Wednesday, September 8, 2010


Historic farmhouse in Nashua, Iowa

Janne and Jerry Fecht took time on the Ragbrai to visit Nashua, Iowa. Seeing the tiny farmhouse and log cabin reminded us what our ancestors experienced in their determination to build the "good life" for us.

Monday, September 6, 2010


The Little Brown Church in the Wildwood, a national treasure. We visited the church in Nashua to see where Burnet Brown's great grandmother was recently discovered buried. The church is an influence over the "Little Brown Church" in Studio City, California where Nancy and Ronald Reagan were married.

Helping Ragbrai riders get into rain gear.
Rain dance by Ragbrai rider.
Pat Hartung of Preston, Iowa holds a rain poncho over fellow rider Kimberly Breaux of Port Byron, Illinois in the town of Rowley on the Ragbrai.Ragbrai rider Jonathan Stichter of Sigourney, Iowa gets a hug from Sister Mona Rottinghaus of the Singing Nuns in Jessup, Iowa.
On Friday, the 30th of July the rain poured and our riders slept in, to join the pack in Quasque, Iowa.

Sunday, September 5, 2010

Ragbrai stops off at Parkersburg

In Witchita Kansas we stopped to see an exciting Miro mural at the State University. While looking for a rest room, Brendan and I see big warning cards telling students where to go "when" the next tornado comes. This stack of bicycles sculpture greeted our riders in the meeting stop of Parkersburg. A massive "twister" came though this village in 2008. The village was grateful for the infusion of money some of the 15,000 Ragbrai riders made to their economy.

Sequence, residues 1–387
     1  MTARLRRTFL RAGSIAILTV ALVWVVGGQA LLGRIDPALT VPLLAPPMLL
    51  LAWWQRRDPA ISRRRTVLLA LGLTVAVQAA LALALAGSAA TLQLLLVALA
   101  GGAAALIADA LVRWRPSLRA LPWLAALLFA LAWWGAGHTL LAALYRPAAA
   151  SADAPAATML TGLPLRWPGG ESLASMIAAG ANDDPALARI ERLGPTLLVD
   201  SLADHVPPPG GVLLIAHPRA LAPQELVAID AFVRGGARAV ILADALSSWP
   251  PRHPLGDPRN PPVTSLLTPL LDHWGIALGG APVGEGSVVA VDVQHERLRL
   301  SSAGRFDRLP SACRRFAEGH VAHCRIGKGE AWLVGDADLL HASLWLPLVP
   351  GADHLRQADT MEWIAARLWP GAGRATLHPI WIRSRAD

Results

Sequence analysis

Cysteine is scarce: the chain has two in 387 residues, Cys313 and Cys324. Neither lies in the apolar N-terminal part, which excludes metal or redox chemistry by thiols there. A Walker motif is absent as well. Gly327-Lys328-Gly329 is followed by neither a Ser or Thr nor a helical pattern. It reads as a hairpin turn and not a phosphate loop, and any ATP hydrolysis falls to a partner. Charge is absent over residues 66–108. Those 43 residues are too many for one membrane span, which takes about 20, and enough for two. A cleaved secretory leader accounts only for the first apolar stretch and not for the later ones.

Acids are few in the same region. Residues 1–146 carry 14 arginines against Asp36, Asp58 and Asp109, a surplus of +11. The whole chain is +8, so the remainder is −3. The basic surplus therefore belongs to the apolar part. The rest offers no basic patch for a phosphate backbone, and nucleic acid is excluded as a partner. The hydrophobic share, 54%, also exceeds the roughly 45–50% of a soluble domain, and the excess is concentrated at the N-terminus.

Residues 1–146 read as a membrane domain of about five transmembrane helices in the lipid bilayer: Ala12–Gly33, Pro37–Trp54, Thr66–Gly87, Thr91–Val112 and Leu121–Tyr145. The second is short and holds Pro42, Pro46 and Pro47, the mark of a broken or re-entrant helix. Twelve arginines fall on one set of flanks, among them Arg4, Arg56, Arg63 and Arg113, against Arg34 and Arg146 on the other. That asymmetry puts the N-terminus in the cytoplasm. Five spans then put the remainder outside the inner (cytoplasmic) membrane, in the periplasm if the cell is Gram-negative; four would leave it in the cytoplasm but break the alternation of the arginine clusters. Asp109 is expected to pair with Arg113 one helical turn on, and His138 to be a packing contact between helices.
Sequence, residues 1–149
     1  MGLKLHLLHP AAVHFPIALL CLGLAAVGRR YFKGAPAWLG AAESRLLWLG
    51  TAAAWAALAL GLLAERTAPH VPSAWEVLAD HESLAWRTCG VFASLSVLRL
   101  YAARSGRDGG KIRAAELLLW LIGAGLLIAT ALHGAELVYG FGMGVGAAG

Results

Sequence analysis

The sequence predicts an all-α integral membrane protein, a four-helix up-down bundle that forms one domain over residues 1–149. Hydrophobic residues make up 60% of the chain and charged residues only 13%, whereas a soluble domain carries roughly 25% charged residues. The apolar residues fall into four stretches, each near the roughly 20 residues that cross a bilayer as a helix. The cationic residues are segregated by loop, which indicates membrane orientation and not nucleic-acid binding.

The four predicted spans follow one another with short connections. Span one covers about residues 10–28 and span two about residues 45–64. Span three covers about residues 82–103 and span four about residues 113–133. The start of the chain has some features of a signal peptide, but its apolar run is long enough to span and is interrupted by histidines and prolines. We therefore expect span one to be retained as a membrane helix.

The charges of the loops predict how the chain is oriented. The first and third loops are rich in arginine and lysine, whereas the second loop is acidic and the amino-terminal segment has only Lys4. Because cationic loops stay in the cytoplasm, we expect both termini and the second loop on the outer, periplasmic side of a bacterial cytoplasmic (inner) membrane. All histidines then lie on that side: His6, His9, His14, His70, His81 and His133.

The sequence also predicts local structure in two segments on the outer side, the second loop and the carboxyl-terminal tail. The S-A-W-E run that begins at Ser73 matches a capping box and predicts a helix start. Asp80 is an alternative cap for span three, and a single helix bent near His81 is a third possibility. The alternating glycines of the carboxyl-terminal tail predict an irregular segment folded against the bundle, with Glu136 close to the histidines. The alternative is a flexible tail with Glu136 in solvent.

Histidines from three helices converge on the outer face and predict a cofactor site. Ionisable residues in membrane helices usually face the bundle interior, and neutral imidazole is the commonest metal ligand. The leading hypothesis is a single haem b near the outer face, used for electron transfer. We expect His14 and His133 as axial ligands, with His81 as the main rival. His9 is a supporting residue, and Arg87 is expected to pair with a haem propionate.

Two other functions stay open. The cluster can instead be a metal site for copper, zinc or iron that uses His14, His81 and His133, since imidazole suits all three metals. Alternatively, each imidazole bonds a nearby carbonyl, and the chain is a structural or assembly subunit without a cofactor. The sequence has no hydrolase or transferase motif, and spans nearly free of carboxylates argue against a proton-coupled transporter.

In my thinking, this "Rhoades Car" seems the right way to take on a state wide bicycle ride. An awning, someone to talk to, and 42 cycling speeds.

The Aplington - Parkersburg High School Junk Percussion Emsemble made lots of energetic noise when we were looking for our riders in Parkersburg. Janne and I parked about a block from these kids, called Katy Fletcher on her cell phone. She was watching our arrival in the middle of a zillion riders.

The Ragbrai trip had lots of heroes, and our champion was Janne Fecht who managed a huge r.v. from Des Moines to Sioux City to Debuque and back to Des Moines. Here in Charles City, Janne took on laundry to keep our rides fresh and clean.

Saturday, September 4, 2010

Ragbrai clippings

Eric Sorensen of cools off in a sprinkler in Swaledale, Iowa.

Falls on the Cedar River at Charles City, Iowa during the Ragbrai

Shellie Pfohl assists her para-Olympian with her handcycle in Rockford, Iowa

Rider John Phillips of Manchester takes dip at Nick Hanig's pond in Carterville, Iowa.

Ragbrai in Charles City

In the Floyd County Museum, this wicker casket once transported the dead to a funeral "home" for embalming.This helped curtail the odors of decomposition. Folks, observing the wicker container passing, referred to the deceased as a "baker case".
What must it have been like to have graduated from high school in Charles City in 1942. This quilt, in the Floyd County Museum, is a sweet tribute to classmates of the era.

Downtown Charles City, Iowa

Ragbrai Ride Continues

Charles City was once famous for the manufacture of heavy duty farm equipment. Today, remnants of its equipment are only park sculptures.

Kristi Bacon of Waterloo brough along her wire haired terrier dog on the Ragbrai. Photo is from the Des Moines Register.

Ragbrai riders from the top of the Gold Egle Cooperative grain elevator in Wesle, Iowa.